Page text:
April is Parkinson’s Awareness Month. About one million Americans are affected by the neurodegenerative disease, and now, there’s an improv comedy troupe in Naples dedicated to people diagnosed with Parkinson’s and their partners.
On a Saturday night last month, at a golf course country club on a hill, members of the PD Inspiration comedy troupe (PD stands for Parkinson's disease) were getting ready for their first performance.
As the ballroom got more crowded, Ingrid Friesen got more nervous. Just a few years ago, before Parkinson's and a stroke, she was a lawyer.
"I was president of the bar in Asheville," she said. "And I was used to speaking in front of people."
Now, it's different, Friesen said. She speaks quietly, softly and slowly. Some of the hallmark symptoms of Parkinson's.
Friesen's husband, John Clabaugh, said she's been fretting.
"She was gonna back out on the way over here," Clabaugh said.
"I should be fine," she resolved.
Northwestern researcher Danny Bega did a pilot study about the effects improv comedy has on people with Parkinson’s. He said the idea came when he was casually talking to a patient.
“She had a diagnosis of Parkinson’s herself and she writes little songs and jingles that are sort of funny related to Parkinson’s and she was doing improv classes," he said.
So, researchers at Northwestern paired up with Second City—a renowned improv institution in Chicago that has birthed a number of famous comedians; people on Saturday Night Live and Stephen Colbert among others.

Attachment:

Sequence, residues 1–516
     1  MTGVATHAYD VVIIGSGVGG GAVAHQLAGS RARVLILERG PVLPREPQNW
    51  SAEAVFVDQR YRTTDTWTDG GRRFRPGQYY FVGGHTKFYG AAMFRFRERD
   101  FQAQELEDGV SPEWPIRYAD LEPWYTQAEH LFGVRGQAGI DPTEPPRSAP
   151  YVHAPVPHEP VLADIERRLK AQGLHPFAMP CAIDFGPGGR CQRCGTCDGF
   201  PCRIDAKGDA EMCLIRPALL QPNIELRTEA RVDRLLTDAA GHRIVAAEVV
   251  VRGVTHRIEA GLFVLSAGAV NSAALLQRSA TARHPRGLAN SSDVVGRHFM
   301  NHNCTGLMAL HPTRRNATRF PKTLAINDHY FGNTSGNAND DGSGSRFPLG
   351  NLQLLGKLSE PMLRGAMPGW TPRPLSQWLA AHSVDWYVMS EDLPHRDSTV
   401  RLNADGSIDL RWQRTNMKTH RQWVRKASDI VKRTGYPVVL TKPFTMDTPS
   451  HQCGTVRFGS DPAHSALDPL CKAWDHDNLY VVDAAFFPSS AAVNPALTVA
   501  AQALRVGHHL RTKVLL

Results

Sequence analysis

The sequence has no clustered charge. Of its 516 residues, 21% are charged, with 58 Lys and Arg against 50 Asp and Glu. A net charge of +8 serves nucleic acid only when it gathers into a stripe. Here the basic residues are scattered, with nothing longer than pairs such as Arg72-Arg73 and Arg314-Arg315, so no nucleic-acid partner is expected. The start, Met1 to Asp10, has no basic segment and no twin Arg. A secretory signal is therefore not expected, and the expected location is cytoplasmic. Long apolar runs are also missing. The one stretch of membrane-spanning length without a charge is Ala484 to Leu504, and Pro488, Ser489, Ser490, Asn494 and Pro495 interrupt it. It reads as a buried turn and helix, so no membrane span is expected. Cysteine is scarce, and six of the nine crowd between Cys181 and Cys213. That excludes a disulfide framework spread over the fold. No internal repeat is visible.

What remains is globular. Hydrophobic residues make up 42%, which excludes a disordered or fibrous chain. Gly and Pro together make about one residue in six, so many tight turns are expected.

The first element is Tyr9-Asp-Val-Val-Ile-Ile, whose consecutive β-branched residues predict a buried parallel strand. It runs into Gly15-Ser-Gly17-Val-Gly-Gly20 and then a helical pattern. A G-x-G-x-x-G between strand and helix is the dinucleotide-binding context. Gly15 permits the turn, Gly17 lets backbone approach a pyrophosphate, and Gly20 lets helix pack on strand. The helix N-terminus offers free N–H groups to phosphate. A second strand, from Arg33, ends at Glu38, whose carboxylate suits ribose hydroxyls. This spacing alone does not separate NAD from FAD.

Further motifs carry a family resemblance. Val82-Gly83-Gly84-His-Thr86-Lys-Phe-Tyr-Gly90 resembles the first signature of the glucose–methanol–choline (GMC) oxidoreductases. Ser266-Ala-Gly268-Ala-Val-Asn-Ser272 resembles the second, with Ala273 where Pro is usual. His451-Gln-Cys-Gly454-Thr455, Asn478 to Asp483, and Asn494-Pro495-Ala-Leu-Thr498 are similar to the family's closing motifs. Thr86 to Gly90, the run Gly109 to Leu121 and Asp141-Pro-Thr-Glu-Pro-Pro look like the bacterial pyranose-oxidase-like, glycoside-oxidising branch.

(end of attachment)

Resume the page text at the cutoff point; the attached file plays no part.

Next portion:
Bega said there are several treatments to deal with motor symptoms of Parkinson’s – things like the tremors. But there are few treatments to deal with the non-motor challenges of the disease.
“Those are issues like cognitive disorders, mood disorders like anxiety, communication difficulties, speech difficulties," Bega explained. "Just general sense of well-being.”
Bega said by the end of the study, in the area of activities and day-to-day function there were major improvements.
Bega’s hoping to expand the study and do more research.
In the last set of their first performance, PD Inspiration played a game they call gibberish. A person from the audience asks a question, one improv-er translates it to a made up language. The other improv-ers speak in that made up language. And the translating improv-er says what the gibberish improv-ers said in English.
Someone in the audience asked what the weather’s like in the place they come from. Suzanne Paley is the translator. The gibberish speaker is her husband Adam, who has Parkinson’s
Adam said something unintelligible.
"He says the weather is sometimes very nice ," Suszanne said. "And sometimes it’s just plain caca.”
The troupe’s grand finale was performing a national anthem in gibberish, giving them an opportunity to get up, sing, dance, be as wild as they want.
Friesen jumped up and down in a circle and yelled, her voice louder than it’s ever been. And shortly after, Adam got up after a few attempts and danced in place. His wife, Suzanne, watched his feet carefully.
The Northwestern researcher, Bega, said results like this aren’t unique to improv per se. People can get the same results through music therapy or doing yoga.
“So, I don’t think that there’s something magical, specifically, about improv itself,” he said.
The people in this group disagree.
“I think the magic is that you kind of get in the car, and you’re late every time and it’s been a hard morning and you get in with this group and we’re laughing our heads off," Friesen said. "And forgetting [our challenges] and feeling like a normal person.”
For others in the group, there’s magic in being able to do an activity together for the first time in years. And for a lot of them, there’s magic in knowing that it’s okay to make mistakes and be imperfect.